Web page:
This is a technical book. We will not discuss business or social issues resulting from the modernization of the public network, but we will concentrate on some of the major technical aspects of the new VoIP services for the purpose of bringing to light relevant issues and potential solutions. In the first three chapters, we will be looking at the new signaling protocols in the new public network and the enterprise and cover the details of transporting media across similar and dissimilar network domains. We will visit the SS7 signaling protocol of the PSTN in a high-level overview but with enough detail to make the point as to where changes may be coming with integrated VoIP signaling; and we look at call flows in homogeneous and heterogeneous signaling topologies per the definitions given in the text. The reader is expected to have basic familiarity with the IP protocol as well as TCP and UDP, but intimate bit-level familiarity is not necessary to understand the concepts. Throughout the text we show several IP signaling packets, captured live with the help of the Hewlett-Packard Agilent Technologies Internet Advisor.
In Chapter 4 we cover the subject of perceptual voice coding, voice quality measurement techniques, and discuss in detail the Perceptual Speech Quality Measurement (PSQM) algorithm, as implemented in the Hewlett-Packard Agilent Technologies Telegra? Voice Quality Tester (VQT). Chapter 4 also discusses network parameters which relate to voice quality and affect the overall user experience, such as echo. In Chapter 5 we move to the lab where we set up a small reference network to take speech quality measurements and discuss the issues of delay and clarity in proper context. This is the first time we see network impairments and voice compression included in the results of objective speech quality measurement. Finally, in Chapter 6 we discuss facsimile support in IP networks and close the text with a detailed discussion of V.34 fax, which seems to be the final frontier in facsimile using the analog facilities of the PSTN.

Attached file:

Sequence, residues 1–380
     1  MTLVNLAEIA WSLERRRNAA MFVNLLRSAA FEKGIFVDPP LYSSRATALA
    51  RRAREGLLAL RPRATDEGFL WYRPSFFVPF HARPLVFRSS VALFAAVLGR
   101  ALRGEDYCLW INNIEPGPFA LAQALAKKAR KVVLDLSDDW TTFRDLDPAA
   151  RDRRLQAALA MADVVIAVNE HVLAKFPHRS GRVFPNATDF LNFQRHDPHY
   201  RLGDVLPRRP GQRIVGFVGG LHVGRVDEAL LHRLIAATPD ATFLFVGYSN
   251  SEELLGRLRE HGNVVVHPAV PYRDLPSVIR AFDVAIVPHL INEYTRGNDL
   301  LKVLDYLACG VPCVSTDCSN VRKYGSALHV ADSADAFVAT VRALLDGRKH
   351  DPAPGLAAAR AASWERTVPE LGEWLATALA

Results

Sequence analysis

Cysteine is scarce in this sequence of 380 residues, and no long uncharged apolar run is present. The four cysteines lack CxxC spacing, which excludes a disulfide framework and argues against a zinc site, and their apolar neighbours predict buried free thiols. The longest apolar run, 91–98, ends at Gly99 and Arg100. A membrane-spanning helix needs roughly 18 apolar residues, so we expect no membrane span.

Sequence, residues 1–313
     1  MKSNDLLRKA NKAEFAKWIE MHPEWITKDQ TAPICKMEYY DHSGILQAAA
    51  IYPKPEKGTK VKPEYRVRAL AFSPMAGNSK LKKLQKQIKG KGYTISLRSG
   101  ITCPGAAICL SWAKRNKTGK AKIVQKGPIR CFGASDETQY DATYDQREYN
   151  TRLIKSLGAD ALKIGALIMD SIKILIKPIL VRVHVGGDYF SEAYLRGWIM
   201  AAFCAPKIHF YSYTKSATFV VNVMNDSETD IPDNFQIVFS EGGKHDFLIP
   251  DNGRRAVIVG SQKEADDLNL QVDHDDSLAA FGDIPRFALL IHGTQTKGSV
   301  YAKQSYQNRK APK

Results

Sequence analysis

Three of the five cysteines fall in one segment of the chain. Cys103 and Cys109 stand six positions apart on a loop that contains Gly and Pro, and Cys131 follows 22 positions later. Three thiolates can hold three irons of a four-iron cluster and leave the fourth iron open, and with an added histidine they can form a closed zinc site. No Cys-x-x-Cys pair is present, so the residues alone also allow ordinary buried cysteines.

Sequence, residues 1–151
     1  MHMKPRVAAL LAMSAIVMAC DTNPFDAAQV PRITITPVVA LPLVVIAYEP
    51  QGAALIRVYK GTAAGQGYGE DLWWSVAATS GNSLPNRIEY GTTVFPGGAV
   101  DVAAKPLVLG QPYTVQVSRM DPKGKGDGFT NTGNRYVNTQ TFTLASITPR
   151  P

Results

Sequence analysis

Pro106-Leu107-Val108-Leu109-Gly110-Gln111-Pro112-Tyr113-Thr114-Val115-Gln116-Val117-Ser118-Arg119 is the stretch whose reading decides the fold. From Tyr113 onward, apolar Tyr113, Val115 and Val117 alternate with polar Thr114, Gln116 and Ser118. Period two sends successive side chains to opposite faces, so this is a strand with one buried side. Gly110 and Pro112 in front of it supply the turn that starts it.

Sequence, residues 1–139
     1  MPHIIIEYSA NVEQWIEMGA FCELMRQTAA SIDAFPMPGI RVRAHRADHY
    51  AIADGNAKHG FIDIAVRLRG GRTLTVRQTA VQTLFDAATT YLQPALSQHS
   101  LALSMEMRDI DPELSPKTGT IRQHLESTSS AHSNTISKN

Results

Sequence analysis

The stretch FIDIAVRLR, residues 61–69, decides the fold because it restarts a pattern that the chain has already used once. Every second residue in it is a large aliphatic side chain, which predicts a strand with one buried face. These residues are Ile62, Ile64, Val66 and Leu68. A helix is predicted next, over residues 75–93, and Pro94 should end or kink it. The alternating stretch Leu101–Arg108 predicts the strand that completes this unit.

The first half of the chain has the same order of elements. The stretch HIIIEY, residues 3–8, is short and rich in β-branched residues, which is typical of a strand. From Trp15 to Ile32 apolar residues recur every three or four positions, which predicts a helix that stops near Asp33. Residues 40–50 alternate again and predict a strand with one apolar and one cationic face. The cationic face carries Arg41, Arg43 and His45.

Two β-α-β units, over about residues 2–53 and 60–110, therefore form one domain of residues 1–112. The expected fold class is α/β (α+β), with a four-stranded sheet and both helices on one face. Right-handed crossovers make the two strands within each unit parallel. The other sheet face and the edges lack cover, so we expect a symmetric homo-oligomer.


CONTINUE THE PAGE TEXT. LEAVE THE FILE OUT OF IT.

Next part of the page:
October 31, 1999